San Francisco, CA
Michael Mina is housed in a great space in the lobby of the Westin Hotel facing Union Square in San Francisco. The huge room is punctuated by some dramatic columns which gives the space much needed ceiling height since the tables are squeezed a bit too close together and is especially distracting if your neighbors are a tad strange. (The night we were there, the couple to our left didn’t look at each other once but would gaze eagerly at the kitchen doors every time they swung open.) Annoying as the swinging doors were, the service was exact and extremely attentive.
Here’s the line-up of our Tasting Menu Extraordinaire: An amuse bouche of oysters on the half shell topped with caviar then followed by a demitasse chaser of bean soup with a few bites of spicy sausage. A wonderful first course of lobster tortelloni came next with a light tarragon cream sauce flavored with fennel and pernod. The second course of Wallu (a Hawaiian fish) was lightly grilled and served in a lemongrass green curry sauce. Third course up: I had a beautifully roasted squab with a slab of grilled foie gras that was served with roasted figs and cipollini onions. Lynn had the pork tenderloin accompanied with a pork short rib and a side of corn pudding. We both moved on to the kobe beef slices plus a version of kobe beef pot roast which had a sweet BBQ glaze brushed on top.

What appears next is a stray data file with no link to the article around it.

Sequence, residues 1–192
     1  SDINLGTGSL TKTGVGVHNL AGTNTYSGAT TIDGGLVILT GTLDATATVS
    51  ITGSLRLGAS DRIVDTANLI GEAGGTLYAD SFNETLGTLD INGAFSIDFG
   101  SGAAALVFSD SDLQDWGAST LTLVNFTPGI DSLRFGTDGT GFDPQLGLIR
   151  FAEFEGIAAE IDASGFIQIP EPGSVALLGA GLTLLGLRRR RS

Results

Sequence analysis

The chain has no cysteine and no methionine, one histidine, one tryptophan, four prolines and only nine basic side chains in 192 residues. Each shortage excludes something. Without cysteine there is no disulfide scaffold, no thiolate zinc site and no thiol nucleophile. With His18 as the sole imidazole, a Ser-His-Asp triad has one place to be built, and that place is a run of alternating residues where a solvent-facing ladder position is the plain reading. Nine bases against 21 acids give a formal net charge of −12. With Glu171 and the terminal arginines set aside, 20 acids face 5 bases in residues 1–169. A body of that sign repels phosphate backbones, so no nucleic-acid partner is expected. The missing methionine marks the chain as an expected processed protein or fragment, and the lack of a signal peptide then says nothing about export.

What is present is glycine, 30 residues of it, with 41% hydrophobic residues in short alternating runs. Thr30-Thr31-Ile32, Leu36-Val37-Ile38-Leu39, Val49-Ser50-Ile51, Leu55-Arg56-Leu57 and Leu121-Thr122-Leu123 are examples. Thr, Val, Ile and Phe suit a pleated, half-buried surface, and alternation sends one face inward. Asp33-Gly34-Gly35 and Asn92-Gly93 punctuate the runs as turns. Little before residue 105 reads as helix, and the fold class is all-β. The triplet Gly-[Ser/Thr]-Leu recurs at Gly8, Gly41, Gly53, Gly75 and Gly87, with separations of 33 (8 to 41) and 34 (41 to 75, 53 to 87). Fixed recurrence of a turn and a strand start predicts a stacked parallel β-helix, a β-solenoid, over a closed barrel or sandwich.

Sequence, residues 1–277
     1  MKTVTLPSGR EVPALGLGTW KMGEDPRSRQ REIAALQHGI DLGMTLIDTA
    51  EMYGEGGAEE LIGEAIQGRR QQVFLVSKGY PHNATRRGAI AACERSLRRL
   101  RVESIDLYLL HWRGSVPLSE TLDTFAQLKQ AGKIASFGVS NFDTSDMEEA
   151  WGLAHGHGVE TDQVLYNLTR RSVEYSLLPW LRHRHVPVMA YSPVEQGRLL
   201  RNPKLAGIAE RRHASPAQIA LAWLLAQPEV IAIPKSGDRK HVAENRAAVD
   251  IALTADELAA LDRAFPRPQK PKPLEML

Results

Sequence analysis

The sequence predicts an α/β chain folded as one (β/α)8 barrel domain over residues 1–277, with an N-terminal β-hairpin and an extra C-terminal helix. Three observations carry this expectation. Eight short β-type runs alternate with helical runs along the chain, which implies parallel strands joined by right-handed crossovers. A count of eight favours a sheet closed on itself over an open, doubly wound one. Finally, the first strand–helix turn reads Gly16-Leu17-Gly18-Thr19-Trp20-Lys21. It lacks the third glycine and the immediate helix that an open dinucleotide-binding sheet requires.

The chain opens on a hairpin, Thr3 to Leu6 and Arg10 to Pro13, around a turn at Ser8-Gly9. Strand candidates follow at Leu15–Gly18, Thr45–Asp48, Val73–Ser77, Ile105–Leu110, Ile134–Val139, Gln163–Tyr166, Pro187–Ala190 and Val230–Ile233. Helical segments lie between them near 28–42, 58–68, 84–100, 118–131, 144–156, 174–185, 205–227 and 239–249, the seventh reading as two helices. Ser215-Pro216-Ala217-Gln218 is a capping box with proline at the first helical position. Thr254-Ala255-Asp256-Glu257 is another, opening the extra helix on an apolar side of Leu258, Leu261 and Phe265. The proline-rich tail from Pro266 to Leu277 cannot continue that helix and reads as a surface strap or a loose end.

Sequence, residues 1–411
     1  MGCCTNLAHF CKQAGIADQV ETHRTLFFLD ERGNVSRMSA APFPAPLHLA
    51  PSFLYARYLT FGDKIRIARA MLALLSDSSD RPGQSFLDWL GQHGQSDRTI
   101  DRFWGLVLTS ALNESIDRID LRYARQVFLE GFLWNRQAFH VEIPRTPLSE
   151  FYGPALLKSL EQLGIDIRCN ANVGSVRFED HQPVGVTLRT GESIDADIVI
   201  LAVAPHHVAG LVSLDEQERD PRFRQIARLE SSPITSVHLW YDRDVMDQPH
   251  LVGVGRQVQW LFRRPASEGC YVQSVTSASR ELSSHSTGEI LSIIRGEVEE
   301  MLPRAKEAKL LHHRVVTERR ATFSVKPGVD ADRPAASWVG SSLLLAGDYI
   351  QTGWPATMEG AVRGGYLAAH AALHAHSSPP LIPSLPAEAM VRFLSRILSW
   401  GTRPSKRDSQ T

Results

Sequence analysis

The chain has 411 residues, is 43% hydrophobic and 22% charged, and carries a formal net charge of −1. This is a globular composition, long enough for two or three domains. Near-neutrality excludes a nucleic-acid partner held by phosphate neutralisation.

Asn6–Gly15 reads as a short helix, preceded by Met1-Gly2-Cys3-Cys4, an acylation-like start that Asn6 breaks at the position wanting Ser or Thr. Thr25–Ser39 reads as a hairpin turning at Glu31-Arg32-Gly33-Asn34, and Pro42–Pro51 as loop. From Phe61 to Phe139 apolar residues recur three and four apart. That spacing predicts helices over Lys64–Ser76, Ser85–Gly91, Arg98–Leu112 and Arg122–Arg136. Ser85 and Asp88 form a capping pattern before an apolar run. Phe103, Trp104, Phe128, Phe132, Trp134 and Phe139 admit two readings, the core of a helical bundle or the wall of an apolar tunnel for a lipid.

A palette cleanser soon appeared in the form of a slice of hard cheese served with grapes and a grape marmalade.
Dessert was organic strawberries with a quenelle-like concoction filled with ice cream. Working on the notion one can never have too much ice cream, lollipop ice cream chasers were served (kind of like miniature good humor bars) but dipped in milk and white chocolate.
The wine list was extensive but a bit on the high end. We settled for a bottle of Gary Farrell Pinot Noir.
We had a bit of a problem with the bartender tonight. We kept ordering vodkas straight up — no veggies, no fruit, in other words naked vodka, shaken not stirred and he kept sending us drinks with an awful amount of vermouth. We sent the drinks back twice and decided to just drink the third try. (We hate vermouth.)
In other words, we weren’t off to a good beginning. Our server, however, was mortified and was trying to do everything right to make us happy.
Lynn and I both started with the foie gras three ways — first roasted, then a slice that was both hot and cold served with figs and as a terrine. It carried a hefty supplement but we figured if any more chefs jump on the “ban the foie gras band wagon” we had better eat as much of it as we can now.
For the second course, Lynn had the duck – also three ways – duck leg, breast and confit. I opted for the “three little pigs” loin, belly and rib – a dish I think that wanted to be German since it was served with Spätzle and red cabbage. The pork was very good but I thought the portion was a tad small and guess what – the dish wasn’t very warm.
We moved on and split the cheese plate and then were “suckered” into trying an amuse bouche dessert of tea-flavored lollipops. They didn’t work.
Even with the bartender mix up, the service was still impeccable, the meal less so the second time around and the restaurant a tad less crowded for a Thursday night.
Wrap up. Still worthy of two Michelin stars; great location; fantastic service; expensive.